Original post written by Kevin and posted in May 2020
Post modified by Kara and published February 2021
Our motorhome, Pippi, is powered by the sun. In 2019-2020, we completed our RV solar installation including roof-mounted solar panels and new lithium batteries.
One of the fascinating things about living in our RV is its self-sufficiency. Our solar panels convert sunlight to electricity and the energy is stored in lithium batteries allowing us the freedom to live off the grid in our RV with more flexibility.
What does self-contained RV mean?
Our rig is completely self-contained. That is to say, we have full functionality without the need for external services such as water, sewer, and electricity.
We have an 85-gallon fresh water holding tank to supply onboard water. Our sink and shower water drains into a grey wastewater storage tank. Our toilet flushes into a black wastewater storage tank.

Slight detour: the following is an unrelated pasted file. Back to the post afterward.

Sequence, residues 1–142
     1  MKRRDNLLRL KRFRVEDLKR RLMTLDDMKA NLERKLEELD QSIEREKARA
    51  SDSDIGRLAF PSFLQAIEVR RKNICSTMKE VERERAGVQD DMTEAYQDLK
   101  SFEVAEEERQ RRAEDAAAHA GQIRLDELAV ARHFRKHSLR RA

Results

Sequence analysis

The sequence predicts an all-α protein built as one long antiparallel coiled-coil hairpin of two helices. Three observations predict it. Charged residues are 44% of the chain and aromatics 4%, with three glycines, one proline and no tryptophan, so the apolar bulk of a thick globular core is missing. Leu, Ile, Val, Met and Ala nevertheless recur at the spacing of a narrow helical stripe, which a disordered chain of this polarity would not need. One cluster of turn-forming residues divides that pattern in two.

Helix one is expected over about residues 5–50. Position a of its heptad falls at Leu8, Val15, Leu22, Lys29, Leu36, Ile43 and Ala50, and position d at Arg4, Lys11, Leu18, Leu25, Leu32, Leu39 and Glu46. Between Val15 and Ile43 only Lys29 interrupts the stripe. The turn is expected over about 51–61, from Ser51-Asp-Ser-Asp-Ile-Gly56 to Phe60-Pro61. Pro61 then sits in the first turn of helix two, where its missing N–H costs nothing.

We eventually need to dump our wastewater somewhere appropriate and refill fresh water. There is no real way around those limits however we can live conservatively for more than two weeks before needing to dump wastewater or refill fresh water.
How does an RV get electricity?
We already have an abundant power source with our onboard generator. It runs off the same fuel tank that powers the diesel engine pushing our home around the country.
Our fuel tank capacity is 125 gallons. As you might imagine a fill-up at the pump can be painful to the wallet.
The generator can run for two to three hours on a gallon of diesel depending upon the power needed. So, we can use the generator for a very long time before needing to refill diesel.
RV Generators Aren’t Perfect
However, diesel fuel is a non-renewable resource and we try to live an eco-friendly life.